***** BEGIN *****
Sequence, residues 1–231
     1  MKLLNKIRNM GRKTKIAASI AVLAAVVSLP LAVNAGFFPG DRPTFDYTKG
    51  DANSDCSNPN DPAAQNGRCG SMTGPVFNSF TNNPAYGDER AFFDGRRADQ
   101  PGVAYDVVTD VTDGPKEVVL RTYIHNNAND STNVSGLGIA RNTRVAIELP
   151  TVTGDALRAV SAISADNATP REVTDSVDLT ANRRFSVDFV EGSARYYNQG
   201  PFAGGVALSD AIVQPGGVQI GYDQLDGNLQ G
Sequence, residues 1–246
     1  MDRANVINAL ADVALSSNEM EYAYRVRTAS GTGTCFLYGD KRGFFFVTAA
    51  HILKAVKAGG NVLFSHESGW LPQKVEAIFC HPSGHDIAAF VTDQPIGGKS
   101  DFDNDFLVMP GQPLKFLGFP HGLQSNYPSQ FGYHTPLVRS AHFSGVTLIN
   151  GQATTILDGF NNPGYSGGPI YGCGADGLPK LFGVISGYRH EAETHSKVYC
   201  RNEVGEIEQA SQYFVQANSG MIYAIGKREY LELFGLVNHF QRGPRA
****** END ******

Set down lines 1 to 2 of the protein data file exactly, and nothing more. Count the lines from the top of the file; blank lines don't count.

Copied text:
Sequence, residues 1–231
     1  MKLLNKIRNM GRKTKIAASI AVLAAVVSLP LAVNAGFFPG DRPTFDYTKG